New nanoimaging method traces metal presence in Parkinson’s brain


Many neurodegenerative diseases like Parkinson’s and Alzheimer's often exhibit an excess of iron in the brain. Scientists have developed a method to trace the presence of metals in brain at the sub-cellular level, particularly in organelles of neurons vulnerable to these diseases. The results are published in Communications Biology.

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The level and distribution of iron in the brain normally contributes to essential cellular functions, including mitochondrial respiration, via its capability to transfer electrons. In vulnerable populations of neurons however, iron dysregulation can have detrimental effects. Genetic defects affecting iron metabolism cause brain diseases, including Parkinson’s and Alzheimer’s, both associated with iron overload. “It is important to be able to explore metal distribution in neurons and glia (non-neuronal cells), with the aim to identify potential causal mechanisms in neurodegeneration”, explains Bernard Schneider, scientist at EPFL and co-author of the study.

Until now, there was no method that could trace the elements with sensitivity and nanometre resolution. A team of scientists from LGL-TPE (Laboratoire de Géologie de Lyon : Terre, Planètes et Environnement), Institut des Sciences de la terre (ISTerre) de Grenoble, the ESRF and the EPFL (École Polytechnique Fédérale de Lausanne) have now combined the techniques of transmission electron microscopy and synchrotron X-ray fluorescence at the ESRF in order to evaluate the element unbalance in Parkinson’s disease.

They have identified compartments and organelles in a rat cerebral tissue and quantified their elementary composition and, in this way, validated the utility of this method to explore finely dysfunctions of neuronal organelles in cerebral pathologies. “This represents a step forward in understanding the link between metals in brain and neurodegenerative diseases, which is one of the subjects that we are specialized in on our beamline”, explains Peter Cloetens, scientist in charge of ID16A, the beamline used at the ESRF, and co-author of the paper.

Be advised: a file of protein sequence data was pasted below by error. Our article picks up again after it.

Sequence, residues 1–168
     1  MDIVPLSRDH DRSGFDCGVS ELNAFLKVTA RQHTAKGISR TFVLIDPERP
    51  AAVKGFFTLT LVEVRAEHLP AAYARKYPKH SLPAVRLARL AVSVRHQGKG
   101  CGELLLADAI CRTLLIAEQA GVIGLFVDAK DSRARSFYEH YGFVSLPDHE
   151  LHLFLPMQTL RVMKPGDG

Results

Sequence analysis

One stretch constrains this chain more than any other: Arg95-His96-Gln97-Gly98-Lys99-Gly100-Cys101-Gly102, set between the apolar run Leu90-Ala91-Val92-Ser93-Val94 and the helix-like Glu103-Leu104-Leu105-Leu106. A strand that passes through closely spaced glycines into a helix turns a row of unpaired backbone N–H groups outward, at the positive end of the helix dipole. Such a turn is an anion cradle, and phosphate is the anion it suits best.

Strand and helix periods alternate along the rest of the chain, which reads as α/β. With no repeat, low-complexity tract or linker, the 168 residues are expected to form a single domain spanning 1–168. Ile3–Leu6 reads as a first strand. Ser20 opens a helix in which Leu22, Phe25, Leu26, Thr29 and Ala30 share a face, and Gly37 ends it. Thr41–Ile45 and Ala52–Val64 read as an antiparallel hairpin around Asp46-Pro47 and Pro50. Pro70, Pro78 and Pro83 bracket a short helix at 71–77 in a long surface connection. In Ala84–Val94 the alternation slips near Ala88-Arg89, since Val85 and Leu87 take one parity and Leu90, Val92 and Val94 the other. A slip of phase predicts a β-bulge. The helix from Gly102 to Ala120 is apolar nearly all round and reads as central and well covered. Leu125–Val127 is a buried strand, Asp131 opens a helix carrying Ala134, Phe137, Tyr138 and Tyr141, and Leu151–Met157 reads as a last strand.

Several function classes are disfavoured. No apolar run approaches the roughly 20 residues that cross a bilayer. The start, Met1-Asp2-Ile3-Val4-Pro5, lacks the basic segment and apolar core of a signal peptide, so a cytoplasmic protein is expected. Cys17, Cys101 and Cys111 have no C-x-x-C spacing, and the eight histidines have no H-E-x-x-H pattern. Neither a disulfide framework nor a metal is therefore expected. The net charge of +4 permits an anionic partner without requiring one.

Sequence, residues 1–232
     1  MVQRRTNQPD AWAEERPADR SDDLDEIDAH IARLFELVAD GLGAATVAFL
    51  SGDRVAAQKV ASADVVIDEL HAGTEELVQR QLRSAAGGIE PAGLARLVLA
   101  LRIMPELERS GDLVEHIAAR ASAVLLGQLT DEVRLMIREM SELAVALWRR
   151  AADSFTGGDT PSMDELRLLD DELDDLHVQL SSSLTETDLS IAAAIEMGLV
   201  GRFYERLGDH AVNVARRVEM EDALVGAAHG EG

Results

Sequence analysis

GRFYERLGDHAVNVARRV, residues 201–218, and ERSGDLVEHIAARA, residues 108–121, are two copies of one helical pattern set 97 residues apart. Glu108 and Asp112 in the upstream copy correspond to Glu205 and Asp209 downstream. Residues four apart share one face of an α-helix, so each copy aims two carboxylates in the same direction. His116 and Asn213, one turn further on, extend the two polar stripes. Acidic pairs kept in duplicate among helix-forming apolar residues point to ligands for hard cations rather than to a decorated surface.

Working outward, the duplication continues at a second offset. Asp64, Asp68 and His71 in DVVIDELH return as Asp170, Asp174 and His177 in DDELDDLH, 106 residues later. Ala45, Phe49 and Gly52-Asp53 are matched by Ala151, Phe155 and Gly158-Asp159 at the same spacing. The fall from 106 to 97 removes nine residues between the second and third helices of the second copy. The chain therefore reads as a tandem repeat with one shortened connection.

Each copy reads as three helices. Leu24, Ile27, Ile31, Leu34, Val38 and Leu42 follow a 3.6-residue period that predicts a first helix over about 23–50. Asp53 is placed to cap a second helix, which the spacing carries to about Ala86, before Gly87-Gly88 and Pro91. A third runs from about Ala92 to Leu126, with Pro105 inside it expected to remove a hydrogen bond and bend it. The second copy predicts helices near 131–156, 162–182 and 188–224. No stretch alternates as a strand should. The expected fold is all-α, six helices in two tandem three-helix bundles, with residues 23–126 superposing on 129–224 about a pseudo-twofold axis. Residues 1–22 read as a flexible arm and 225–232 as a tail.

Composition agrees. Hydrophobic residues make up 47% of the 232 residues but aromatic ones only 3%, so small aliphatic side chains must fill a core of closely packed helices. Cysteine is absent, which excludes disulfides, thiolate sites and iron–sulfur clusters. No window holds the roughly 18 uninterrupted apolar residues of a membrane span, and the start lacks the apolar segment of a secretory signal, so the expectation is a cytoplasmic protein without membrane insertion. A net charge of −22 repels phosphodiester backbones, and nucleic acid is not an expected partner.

Beyond clinical applications

“Besides clinical applications, this new imaging methodology linked to emerging extremely brilliant synchrotron sources opens the way to better understanding of sub-micrometer biogenic (microorganisms, viruses, molecular assemblies) or geological features linked to the origins of life”, says Laurence Lemelle, CNRS scientist at LGL-TPE Lyon, first author of the study. “We developed this method also to analyse meteorites and samples related to the origin of life on Earth and beyond, such as the oldest fossils on Earth. We will also study future Mars sample returns, under quarantine conditions, to look for life”, says Alexandre Simionovici, corresponding author of the study and professor at the Université Grenoble Alpes. And he is excited about the future possibilities with the new EBS machine, which is just starting to run at the ESRF: “It will improve resolution, the limits of detection of trace elements and provide us with an even more stable beam, so I am really looking forward to using it”, he concludes.


Laurence Lemelle, L., et al,  Communications Biology, 09 July 2020. DOI : 10.1038/s42003-020-1084-0

Text by Montserrat Capellas Espuny


Top image: Composition of P/Fe/S in a section of a neuron of the substantia nigra. The neuron and its nucleus are highlighted by dashed lines. Cytoplasmic granules rich in Fe and S are pointed out by arrows. Credits: Lemelle, L, et al, Communications Biology, DOI : 10.1038/s42003-020-1084-0.